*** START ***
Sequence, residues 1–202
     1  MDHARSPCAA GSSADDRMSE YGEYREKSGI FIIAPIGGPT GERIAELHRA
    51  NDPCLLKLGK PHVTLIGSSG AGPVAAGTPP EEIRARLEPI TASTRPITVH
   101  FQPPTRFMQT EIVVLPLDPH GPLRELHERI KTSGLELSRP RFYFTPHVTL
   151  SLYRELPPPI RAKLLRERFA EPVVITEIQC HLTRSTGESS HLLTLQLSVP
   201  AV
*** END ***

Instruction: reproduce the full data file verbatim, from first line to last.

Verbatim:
Sequence, residues 1–202
     1  MDHARSPCAA GSSADDRMSE YGEYREKSGI FIIAPIGGPT GERIAELHRA
    51  NDPCLLKLGK PHVTLIGSSG AGPVAAGTPP EEIRARLEPI TASTRPITVH
   101  FQPPTRFMQT EIVVLPLDPH GPLRELHERI KTSGLELSRP RFYFTPHVTL
   151  SLYRELPPPI RAKLLRERFA EPVVITEIQC HLTRSTGESS HLLTLQLSVP
   201  AV